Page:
THE lab is a blur of white coats, blue aprons and maroon scrubs. There are people everywhere inputting information, filling up industrial sized machines with blood samples and analysing results. There's a constant whir as mechanical arms continuously sort through samples and drums spin around, separating the blood.
At first glance it's like a cross between an insanely busy launderette and Dr Evil's lair. Fortunately, for thousands of patients across the region, the work they do here is not fanciful – it's groundbreaking.
The team's recent diabetes research, which transforms diabetes screening in young people, saw Tim win the Young Healthcare Scientist of the Year award. Tim developed a urine test which can help identify the two per cent of young people with a type of diabetes called MODY (Maturity Onset Diabetes of the Young) and results from a single faulty gene.
As a result of his innovative work, thousands of children and young people will benefit from this non-invasive treatment which could see patients with MODY treated with tablets instead of lifelong insulin injections.
Tim said: "Usually with a blood test it has to be measured rapidly and they had to be in hospital when it was done, now we can do the test with no needles and from a urine sample, which can be done out in the community. We have translated clinical research into practice."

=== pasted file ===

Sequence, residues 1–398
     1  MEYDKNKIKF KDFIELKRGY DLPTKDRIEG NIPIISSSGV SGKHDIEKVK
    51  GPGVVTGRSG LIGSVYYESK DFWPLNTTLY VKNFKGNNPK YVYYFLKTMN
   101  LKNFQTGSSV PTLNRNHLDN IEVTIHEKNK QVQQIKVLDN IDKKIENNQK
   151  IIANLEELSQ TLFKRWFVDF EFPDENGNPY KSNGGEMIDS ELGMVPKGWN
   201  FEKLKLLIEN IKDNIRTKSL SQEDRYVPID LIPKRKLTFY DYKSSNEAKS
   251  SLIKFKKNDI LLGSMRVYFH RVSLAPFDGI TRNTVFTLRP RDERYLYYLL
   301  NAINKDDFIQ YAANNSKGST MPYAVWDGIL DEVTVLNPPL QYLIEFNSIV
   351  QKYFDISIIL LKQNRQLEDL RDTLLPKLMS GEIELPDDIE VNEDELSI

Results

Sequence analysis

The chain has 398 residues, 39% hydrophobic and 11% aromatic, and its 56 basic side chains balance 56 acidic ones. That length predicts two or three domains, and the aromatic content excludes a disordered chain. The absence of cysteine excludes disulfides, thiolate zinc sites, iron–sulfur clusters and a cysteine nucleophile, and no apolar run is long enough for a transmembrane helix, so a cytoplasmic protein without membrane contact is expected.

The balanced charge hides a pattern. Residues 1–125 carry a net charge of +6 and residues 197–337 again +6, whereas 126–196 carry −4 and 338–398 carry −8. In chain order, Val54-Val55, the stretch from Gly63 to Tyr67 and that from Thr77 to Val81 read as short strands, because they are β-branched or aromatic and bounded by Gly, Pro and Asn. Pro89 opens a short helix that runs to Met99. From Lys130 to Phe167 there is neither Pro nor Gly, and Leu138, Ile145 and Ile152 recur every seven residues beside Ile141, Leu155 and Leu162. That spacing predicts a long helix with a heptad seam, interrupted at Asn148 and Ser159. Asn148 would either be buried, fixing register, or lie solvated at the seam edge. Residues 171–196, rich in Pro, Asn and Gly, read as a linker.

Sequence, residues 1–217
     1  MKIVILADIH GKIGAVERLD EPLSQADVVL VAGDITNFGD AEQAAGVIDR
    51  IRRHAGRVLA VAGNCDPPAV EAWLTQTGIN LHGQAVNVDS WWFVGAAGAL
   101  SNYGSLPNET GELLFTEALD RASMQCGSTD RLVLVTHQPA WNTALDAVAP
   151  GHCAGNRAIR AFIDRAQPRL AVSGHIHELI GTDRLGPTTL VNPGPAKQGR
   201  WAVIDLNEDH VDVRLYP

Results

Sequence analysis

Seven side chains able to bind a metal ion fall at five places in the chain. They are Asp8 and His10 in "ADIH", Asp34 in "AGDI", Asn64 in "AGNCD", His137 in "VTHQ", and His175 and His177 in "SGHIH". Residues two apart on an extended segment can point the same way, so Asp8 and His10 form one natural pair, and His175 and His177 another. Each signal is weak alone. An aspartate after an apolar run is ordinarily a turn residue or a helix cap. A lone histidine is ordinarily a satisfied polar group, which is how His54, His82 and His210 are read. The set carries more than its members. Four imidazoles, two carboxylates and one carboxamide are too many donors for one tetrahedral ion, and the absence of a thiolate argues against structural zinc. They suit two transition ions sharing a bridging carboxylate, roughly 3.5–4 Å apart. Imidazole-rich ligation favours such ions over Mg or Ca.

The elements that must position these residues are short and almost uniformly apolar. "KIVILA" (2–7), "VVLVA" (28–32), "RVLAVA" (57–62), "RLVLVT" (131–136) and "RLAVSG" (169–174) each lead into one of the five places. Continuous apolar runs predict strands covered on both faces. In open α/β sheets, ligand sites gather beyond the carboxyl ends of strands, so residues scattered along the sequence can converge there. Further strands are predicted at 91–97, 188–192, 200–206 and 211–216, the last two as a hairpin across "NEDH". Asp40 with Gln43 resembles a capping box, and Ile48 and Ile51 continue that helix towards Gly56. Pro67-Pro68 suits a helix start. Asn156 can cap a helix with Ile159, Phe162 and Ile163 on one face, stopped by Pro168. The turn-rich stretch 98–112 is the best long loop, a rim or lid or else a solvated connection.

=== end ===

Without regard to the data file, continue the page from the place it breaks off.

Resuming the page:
He added: "With the right diagnosis the patient could be put on tablets, which will make a huge difference to their quality of life."
Tim splits his time between the pathology laboratories at Royal Devon & Exeter Hospital and the research team at the Peninsula Medical School, which is on the same site. About 60 staff are employed in the pathology department and they receive blood work from 80 GPs and 12 community hospitals across the region.
With such a huge workload, machine power is crucial to manage the sheer numbers of samples; but manpower is essential to check, analyse and interpret the results. Interestingly, the process of tagging and labelling and sorting the samples has been adapted from luggage sorting systems found in airports.